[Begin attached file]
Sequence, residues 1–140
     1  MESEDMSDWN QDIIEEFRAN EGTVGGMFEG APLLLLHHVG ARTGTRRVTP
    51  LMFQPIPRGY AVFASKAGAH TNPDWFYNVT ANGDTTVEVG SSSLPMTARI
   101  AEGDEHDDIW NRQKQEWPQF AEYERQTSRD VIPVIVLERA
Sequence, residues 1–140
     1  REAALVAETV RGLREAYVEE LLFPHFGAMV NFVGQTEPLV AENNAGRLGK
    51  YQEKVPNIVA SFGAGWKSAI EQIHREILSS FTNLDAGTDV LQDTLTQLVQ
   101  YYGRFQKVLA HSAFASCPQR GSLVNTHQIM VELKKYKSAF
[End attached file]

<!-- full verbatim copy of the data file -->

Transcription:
Sequence, residues 1–140
     1  MESEDMSDWN QDIIEEFRAN EGTVGGMFEG APLLLLHHVG ARTGTRRVTP
    51  LMFQPIPRGY AVFASKAGAH TNPDWFYNVT ANGDTTVEVG SSSLPMTARI
   101  AEGDEHDDIW NRQKQEWPQF AEYERQTSRD VIPVIVLERA
Sequence, residues 1–140
     1  REAALVAETV RGLREAYVEE LLFPHFGAMV NFVGQTEPLV AENNAGRLGK
    51  YQEKVPNIVA SFGAGWKSAI EQIHREILSS FTNLDAGTDV LQDTLTQLVQ
   101  YYGRFQKVLA HSAFASCPQR GSLVNTHQIM VELKKYKSAF